Ohio is home to Dayton’s Montgomery County, a place that has reported the highest rate of overdose deaths in the United States. Ohio was second only to West Virginia in its overall rate of deaths from overdoses in 2017, according to the CDC.1 Much of Ohio’s overdose deaths involve fentanyl, and most of those are for prescription drugs.2

Also, according to the 2017 Ohio Automated Rx Reporting System, 80% of Ohioans who died of a drug overdose in 2016 had a history of receiving prescriptions for controlled substances.3 The Ohio Hospital Association, with a new $530,000 grant from the Cardinal Health Foundation, has begun to tackle the opioid epidemic with an initiative to collect benchmark data on opioid prescribing habits in pain management.

“We’re looking at what’s occurring from overdoses and mortality types of situations because it’s having a huge toll on Ohio communities and families,” says John Palmer, director of media and public relations for the Ohio Hospital Association (OHA). “In 2016, hospitals were managing 27,377 total overdose encounters, a 52% increase over 2015, and it was a 52% jump from just a year before. When you go [back] to 2008, it [has increased] 500%.” More than 70,000 people died from drug overdoses (47,600 from opioids) in the United States in 2017, a rate of death that was more than double the rate in 2016. The authors of a new study4 using county-by-county data from the CDC and other sources found that pharmaceutical company marketing of opioid products to physicians resulted in increased opioid prescribing and higher overdose mortality. In all, nonresearch-based opioid marketing totaled nearly $40 million, targeting 67,507 physicians in 2,208 U.S. counties.

Investigators found that there was a greater proportion of opioid-related deaths in counties in which opioid pharmaceutical representatives more frequently contacted physicians. One in 12 U.S. doctors received opioid-related marketing between 2013 and 2015, and one in five family physicians received the same marketing. Among Medicare patients, this marketing is associated with increased opioid prescriptions.

Efforts like the OHA’s opioid prescribing initiative will give doctors information about the dangers of opioid addiction, overdoses, and over-prescribing. OHA launched its opioid initiative after reviewing 2017 data on opioid overdoses and deaths.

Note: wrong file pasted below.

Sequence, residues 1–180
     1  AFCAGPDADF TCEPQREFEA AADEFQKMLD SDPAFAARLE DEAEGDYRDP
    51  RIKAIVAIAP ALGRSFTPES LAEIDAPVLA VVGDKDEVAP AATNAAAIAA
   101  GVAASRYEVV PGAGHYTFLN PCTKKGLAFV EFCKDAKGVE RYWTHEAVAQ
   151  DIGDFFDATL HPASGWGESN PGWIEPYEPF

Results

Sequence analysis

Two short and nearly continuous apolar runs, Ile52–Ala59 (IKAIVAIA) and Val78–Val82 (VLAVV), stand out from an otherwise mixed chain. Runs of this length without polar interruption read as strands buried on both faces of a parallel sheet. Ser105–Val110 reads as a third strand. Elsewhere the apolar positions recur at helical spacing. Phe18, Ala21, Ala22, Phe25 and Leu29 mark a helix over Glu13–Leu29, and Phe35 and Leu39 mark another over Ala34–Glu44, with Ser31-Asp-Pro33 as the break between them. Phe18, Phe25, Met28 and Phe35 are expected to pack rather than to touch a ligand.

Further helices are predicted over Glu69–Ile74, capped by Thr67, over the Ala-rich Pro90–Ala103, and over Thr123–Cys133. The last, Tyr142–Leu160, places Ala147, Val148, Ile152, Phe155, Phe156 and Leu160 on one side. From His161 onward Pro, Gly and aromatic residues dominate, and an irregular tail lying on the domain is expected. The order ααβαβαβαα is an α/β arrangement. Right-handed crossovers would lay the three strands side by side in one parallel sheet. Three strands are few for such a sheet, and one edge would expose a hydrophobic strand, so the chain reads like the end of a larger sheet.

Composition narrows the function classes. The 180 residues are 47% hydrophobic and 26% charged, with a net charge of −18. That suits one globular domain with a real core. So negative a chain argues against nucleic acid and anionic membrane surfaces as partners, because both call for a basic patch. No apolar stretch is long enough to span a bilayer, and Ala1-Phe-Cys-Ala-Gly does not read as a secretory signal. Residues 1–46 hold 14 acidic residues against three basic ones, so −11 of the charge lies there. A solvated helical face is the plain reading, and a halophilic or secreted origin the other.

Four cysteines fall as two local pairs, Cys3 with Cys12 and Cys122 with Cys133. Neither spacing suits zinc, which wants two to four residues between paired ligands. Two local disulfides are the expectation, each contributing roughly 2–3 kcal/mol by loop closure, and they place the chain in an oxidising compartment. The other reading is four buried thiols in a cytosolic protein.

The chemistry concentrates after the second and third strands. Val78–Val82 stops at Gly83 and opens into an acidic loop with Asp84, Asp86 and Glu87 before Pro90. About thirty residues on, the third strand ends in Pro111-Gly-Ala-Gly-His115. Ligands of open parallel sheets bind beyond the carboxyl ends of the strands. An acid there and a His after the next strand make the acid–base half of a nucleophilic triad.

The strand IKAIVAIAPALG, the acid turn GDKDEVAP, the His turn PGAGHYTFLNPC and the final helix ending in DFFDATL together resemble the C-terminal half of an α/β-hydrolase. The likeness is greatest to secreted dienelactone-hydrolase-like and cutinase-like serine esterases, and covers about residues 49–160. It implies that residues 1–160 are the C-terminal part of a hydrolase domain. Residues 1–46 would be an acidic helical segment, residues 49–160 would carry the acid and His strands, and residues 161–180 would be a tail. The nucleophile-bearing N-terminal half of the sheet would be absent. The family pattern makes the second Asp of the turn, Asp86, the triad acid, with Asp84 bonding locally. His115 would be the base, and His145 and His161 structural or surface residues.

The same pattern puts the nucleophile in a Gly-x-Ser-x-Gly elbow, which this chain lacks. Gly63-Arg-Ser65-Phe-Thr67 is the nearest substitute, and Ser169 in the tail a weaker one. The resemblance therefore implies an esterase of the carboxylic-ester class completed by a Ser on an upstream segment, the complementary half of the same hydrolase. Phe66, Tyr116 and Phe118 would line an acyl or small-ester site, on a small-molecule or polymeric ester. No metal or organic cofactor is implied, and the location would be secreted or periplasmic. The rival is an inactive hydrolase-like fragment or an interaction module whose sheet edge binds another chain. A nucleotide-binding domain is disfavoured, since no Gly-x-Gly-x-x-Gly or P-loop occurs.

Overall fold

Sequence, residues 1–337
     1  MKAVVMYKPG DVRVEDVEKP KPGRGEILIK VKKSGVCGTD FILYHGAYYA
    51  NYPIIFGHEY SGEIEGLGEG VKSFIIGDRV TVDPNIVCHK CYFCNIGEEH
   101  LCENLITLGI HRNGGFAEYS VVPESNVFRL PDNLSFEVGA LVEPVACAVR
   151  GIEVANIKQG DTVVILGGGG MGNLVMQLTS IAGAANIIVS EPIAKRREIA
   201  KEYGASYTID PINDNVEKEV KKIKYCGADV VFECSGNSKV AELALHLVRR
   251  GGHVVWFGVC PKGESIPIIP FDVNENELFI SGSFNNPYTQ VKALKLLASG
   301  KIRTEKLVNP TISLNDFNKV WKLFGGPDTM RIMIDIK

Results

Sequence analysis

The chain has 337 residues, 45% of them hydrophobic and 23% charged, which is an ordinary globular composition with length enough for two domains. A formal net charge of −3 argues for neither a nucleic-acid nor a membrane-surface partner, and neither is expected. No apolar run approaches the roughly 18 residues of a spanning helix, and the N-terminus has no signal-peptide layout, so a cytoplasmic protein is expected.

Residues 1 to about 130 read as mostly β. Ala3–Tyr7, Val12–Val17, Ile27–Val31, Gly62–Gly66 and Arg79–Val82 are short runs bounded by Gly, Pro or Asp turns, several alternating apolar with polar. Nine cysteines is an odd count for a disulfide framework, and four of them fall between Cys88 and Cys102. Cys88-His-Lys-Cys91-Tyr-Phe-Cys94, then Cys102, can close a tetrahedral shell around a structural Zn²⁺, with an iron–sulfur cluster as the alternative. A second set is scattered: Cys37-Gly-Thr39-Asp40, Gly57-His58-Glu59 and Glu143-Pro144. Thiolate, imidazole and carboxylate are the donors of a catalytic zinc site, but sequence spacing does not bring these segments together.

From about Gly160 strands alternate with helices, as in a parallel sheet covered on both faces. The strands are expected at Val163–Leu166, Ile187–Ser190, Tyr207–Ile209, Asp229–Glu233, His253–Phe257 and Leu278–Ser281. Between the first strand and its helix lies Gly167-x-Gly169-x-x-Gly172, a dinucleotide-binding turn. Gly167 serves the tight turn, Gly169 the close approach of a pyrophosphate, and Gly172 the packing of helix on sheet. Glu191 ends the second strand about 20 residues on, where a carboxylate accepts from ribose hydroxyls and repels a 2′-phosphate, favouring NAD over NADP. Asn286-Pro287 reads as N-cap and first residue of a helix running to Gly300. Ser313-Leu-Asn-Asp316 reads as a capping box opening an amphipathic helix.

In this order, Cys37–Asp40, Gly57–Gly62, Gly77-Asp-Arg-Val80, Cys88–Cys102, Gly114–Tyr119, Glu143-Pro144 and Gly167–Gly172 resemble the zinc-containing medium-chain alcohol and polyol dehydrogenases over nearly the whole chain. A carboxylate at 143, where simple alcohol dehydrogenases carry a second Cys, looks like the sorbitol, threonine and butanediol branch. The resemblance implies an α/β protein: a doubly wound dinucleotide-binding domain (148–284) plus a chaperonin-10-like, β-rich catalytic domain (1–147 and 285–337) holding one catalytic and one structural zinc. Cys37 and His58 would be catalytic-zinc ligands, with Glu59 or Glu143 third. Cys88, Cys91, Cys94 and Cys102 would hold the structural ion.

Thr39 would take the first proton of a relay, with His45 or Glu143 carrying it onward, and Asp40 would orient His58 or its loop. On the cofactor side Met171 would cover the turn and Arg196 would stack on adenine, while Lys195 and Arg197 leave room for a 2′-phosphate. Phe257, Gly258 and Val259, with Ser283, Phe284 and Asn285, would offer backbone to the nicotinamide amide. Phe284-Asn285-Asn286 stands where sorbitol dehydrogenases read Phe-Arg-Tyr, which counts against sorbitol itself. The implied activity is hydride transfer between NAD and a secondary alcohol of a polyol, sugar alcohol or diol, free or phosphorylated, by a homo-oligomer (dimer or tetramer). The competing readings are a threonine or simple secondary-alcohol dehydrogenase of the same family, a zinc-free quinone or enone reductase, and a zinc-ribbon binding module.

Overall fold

“We went to work creating this opioid initiative, working with hospital members, some on the clinical side and some on the community/administrative side of the hospital,” Palmer says. “We listened to what they were seeing and encountering and what they perceived as prevention.”

The group has collected prescribing data and examines what hospital EDs are encountering regionally and statewide. “We look at trends and patterns and will do data collection and analysis, and then we’ll report back to the hospitals to address this,” Palmer explains. So far, about 70 hospitals have committed to participate out of the state’s 270 hospitals.

“We’re continuing to get interest to participate in that effort,” Palmer reports. “Cooperation will be critical. We’ll collect data to build effective solutions to change practices, as appropriate.”

The partnership with Cardinal Health Foundation will build on Cardinal Health’s opioid action program and Generation Rx. Opioid-sparing efforts and national attention on the opioid epidemic’s death toll already have affected prescribing habits in Ohio. For instance, the 2017 Ohio Automated Rx Reporting System’s annual report shows that the total doses of opioids dispensed to Ohio patients decreased by 28.4% (225 million doses) from 2012 to 2017. The report’s authors also found that doctor-shopping behavior plummeted by 88% from 2011 to 2017, a decrease from 2,205 individuals in 2011 to 273 individuals in 2017.3

Once developed, Palmer says Ohio’s opioid-sparing initiative’s best practices will be shared nationally with any states and providers interested in the information.

REFERENCES

  1. Centers for Disease Control and Prevention. Drug Overdose Deaths. Available at: https://bit.ly/2aowy2C. Accessed Jan. 23, 2019.
  2. Daniulaityte R, Juhascik MP, Strayer KE, et al. Overdose deaths related to fentanyl and its analogs - Ohio, January-February 2017. MMWR Morb Mortal Wkly Rep 2017;66:904-908.
  3. Ohio Automated Rx Reporting System. 2017 Annual Report. Available at: https://bit.ly/2HsH1xc. Accessed Jan. 23, 2019.
  4. Hadland SE, Rivera-Aguirre A, Marshall BDL, Cerdá M. Association of pharmaceutical industry marketing of opioid products with mortality from opioid-related overdoses. JAMA Netw Open 2019; Jan 4;2:e186007. doi: 10.1001/jamanetworkopen.2018.6007.